SCARLET WITCH #1
Written By James Robinson
Art by Vanessa Del Rey & Jordie Bellaire
Published by Marvel Comics
Release Date: December 9, 2015
Our crimson-cloaked heroine returns.
Wanda Maximoff, the Scarlet Witch, has taken to Manhattan, living by herself and watching over the mystical forces of the city. Despite her past, Wanda is adamant about forging a life of her own in the city that never sleeps. Before long, Wanda senses that something has gone awry in the dark and chaotic world of witchcraft and takes up her crimson cowl to uncover the latest magical dilemma.
I was on board since Marvel announced Scarlet Witch, even if I wasn’t sure what to expect out of a solo series for Wanda. After reading this issue, I’m definitely in for the long haul. The art, writing, and exploration of Wanda as an independent character combined to create an enigmatic story sure to bring out the best parts of the character. I feel like this issue is taking Wanda back to her roots and fleshing her out in a way I’m not sure other series have before.
James Robinson writes a snarky and self-assured Wanda. I’m glad he went this route, because a Scarlet Witch solo series could have very easily focused on the sins of her past rather than her capability for changing her life’s direction. Wanda is shown as mystically adept, noticing even slight changes in the pattern of magic around her. Robinson begins to explore her more occult roots, an element of her life that is not often explored. If this issue was any indication, the writing will continue to dive into Wanda’s world of magic to reveal things about her we wouldn’t see in the middle of a team series.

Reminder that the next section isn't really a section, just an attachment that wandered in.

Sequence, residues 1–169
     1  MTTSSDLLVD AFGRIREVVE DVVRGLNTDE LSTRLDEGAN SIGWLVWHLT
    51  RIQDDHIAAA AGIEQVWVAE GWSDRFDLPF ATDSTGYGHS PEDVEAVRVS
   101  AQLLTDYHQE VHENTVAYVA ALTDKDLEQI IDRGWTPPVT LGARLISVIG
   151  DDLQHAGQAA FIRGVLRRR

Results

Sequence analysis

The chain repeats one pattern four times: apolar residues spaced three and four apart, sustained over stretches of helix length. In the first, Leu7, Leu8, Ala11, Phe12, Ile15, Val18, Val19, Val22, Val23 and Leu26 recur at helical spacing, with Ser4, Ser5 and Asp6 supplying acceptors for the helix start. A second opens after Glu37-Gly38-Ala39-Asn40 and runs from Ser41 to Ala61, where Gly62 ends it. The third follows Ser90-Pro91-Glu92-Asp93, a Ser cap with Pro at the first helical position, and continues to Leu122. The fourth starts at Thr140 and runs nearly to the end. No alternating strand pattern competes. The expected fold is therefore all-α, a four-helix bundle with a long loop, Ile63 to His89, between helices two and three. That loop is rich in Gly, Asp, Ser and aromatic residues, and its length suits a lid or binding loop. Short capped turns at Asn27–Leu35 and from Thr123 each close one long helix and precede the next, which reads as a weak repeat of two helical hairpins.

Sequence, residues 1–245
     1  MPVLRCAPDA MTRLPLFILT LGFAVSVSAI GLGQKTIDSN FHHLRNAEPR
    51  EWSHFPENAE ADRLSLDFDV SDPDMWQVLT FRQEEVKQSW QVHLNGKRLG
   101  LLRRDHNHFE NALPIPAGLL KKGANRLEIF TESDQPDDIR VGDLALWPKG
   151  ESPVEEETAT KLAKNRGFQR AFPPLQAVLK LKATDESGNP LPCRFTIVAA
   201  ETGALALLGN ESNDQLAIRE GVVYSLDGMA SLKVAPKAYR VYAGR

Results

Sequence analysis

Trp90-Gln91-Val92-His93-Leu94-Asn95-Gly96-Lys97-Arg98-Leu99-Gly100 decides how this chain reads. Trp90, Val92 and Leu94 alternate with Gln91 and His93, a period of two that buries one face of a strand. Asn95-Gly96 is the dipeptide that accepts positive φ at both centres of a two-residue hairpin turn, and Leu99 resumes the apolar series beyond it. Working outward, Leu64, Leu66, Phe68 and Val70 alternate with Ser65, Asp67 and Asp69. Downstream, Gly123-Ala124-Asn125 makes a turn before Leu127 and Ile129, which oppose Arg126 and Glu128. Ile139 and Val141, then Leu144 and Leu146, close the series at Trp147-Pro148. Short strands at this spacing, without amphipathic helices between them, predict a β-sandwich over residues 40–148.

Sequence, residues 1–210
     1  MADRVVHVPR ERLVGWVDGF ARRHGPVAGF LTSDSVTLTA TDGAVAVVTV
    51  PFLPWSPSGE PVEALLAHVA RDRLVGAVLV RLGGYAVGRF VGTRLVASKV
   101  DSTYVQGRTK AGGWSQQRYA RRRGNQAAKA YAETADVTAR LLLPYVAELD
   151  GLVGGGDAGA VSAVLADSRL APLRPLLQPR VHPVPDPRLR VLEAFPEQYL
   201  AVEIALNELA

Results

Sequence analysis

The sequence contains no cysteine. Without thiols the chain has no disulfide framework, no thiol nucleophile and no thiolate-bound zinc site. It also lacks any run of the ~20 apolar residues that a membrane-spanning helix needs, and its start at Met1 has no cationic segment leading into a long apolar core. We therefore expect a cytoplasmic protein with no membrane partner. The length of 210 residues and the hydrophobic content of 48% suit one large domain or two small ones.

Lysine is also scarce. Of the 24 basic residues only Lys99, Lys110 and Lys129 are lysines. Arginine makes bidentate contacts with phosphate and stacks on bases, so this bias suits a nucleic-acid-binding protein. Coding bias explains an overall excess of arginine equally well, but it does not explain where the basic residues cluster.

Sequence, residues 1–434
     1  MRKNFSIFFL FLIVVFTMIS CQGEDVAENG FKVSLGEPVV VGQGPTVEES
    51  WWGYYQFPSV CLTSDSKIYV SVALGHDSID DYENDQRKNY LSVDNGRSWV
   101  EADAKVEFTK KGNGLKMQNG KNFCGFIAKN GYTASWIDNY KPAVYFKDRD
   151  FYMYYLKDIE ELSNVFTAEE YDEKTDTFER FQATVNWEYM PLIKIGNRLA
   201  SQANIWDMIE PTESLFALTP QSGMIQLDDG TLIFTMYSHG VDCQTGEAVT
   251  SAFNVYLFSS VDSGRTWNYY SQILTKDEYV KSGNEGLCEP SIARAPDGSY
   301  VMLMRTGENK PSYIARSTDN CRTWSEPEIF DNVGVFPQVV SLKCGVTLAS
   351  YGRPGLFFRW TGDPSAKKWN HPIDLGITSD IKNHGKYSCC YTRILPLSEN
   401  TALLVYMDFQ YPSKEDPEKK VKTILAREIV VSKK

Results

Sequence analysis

I can’t say enough how much I loved Vanessa Del Rey and Jordie Bellaire on art. Immediately, the visuals felt wispy and ghostlike. Del Rey’s art matches the tone of this issue perfectly. Wanda’s solo adventure is distinct from her time with the Avengers, and Del Rey does her justice through each panel, which takes us deeper into the darkness that surrounds Wanda, but also her prowess as a mystical hero.
Bellaire’s deliberate use of color was important for expressing the murky atmosphere within Scarlet Witch #1. The monotone environment meshes with Wanda’s mysterious role as New York’s new protector. Yet, when there is color, it is vivid and striking, standing out from a shadowy Manhattan. Both Del Rey and Bellaire are the art team we need and deserve to explore this new chapter in Wanda’s life.
I’d most certainly recommend Scarlet Witch #1 to any reader, new or old. If you love Wanda like I do, this was a great change of pace from her stories of late. However, the narrative isn’t one that relies too heavily on canon. This issue seriously felt like a fresh start, so it’s a great point to begin to know Wanda if you’ve never read her or about her. There are subtle nods to her past, but all directions point toward a future as an independent character.
The Verdict: 9.0/10